Divorce is a difficult process to go through. The divorcing couple is having a realization that their lives as they knew them are over. Not only are the upcoming legal aspects going to be frustrating, but the each spouse is also suddenly single again. Singleness can be hard to deal with, especially if a person has been with someone for a long time. But sudden singleness should not propel a person into the dating sphere immediately after separation. Instead, recently separated people should take time to consider how dating so soon after splitting might impact their divorce.
Potential for Adultery
Starting to date right after a separation is filed could lead to some undesirable consequences. This is not to say that a person cannot date during separation, there are just a few things to keep in mind before doing so. Firstly, the entire divorce process could take a hit. By beginning to date during the separation period, a person could potentially be accused of adultery. This accusation can lead to a turn in the divorce. For instance, if the divorce was originally no-fault, then it be moved to a fault divorce. According to South Carolina law, adultery is defined as “marital misconduct.” So even if the person is not sleeping with the one they are dating, the argument could be made that infidelity is still happening.
Alimony and Division of Assets
Another impact that dating during separation could have on divorce is through alimony and division of assets. Any type of adultery during the separation period could result in an undesirable outcome regarding alimony payments. According to South Carolina law, spouses are unable to receive support from the other if there is an instance of adultery. Specifically, if it is done before the signing of the formal property agreement or a permanent order of property agreement. In this case, the offending party can be barred from receiving alimony payments.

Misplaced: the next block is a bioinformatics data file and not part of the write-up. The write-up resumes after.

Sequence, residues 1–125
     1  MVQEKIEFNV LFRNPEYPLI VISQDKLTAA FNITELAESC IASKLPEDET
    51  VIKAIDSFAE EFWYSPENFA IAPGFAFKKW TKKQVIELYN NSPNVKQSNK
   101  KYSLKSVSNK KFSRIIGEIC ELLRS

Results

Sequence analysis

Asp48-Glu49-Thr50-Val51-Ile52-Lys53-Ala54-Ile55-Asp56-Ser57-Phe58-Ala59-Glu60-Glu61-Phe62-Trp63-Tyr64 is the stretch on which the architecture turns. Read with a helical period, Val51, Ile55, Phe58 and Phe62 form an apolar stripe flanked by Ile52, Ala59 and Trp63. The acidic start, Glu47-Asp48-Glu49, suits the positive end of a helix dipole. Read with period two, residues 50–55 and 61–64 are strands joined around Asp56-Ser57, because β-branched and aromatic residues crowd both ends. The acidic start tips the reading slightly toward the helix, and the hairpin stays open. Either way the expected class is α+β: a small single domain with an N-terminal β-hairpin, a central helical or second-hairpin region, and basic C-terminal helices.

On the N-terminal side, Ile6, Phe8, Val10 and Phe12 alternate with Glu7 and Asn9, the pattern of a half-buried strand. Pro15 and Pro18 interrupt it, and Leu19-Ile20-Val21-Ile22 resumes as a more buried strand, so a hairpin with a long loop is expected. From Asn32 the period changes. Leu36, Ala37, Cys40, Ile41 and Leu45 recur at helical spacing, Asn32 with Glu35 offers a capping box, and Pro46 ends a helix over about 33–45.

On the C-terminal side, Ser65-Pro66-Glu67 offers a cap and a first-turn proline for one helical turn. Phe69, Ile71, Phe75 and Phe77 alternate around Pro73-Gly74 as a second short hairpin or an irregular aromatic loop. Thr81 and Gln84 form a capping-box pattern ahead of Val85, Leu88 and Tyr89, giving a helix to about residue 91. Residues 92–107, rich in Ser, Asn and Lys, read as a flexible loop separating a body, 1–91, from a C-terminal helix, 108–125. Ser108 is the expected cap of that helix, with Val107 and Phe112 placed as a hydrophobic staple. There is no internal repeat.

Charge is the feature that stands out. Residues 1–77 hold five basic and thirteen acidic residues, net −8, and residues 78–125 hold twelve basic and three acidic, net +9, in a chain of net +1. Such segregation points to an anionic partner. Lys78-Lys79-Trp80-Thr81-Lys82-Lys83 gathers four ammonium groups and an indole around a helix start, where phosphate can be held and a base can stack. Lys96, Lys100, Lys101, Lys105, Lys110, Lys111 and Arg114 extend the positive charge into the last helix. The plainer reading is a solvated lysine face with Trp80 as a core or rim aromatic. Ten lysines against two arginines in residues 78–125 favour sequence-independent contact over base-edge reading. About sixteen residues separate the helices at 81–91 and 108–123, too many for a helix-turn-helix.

Division of property and assets can also be negatively affected. By dating before finalizing the divorce, a person is risking potentially lessening their share of the estate. This is because courts (depending on the laws of the state) will sometimes look at how the “marital misconduct” affects the financial aspect of the relationship. They will also look at how the misconduct affects the overall marriage breakdown. If found guilty, the individual accused of being unfaithful can potentially loose more of their share of the property.
Dating during separation might also impact child custody and visitation. If the courts determine that the dating spouse has acted inappropriately, then they can limit the amount of time the parent gets to spend with the child. Custody can also be impacted if the dating parent exposes their children to the person they are dating.
Dating before divorce, while it can be done, is never a good idea. There are too many risks involved that could lead to the dating party receiving less than originally planned in the divorce. It is better for all parties involved (husband, wife, children, etc.) for spouses to hold off entering the dating world until the divorce is finalized.
If you or someone you know is curious about dating during the divorce process, feel free to contact Christine Howard. Christine would be happy to answer any questions about the process that you may have. She can be reached by phone at (864) 282-8575 or by email at firstname.lastname@example.org.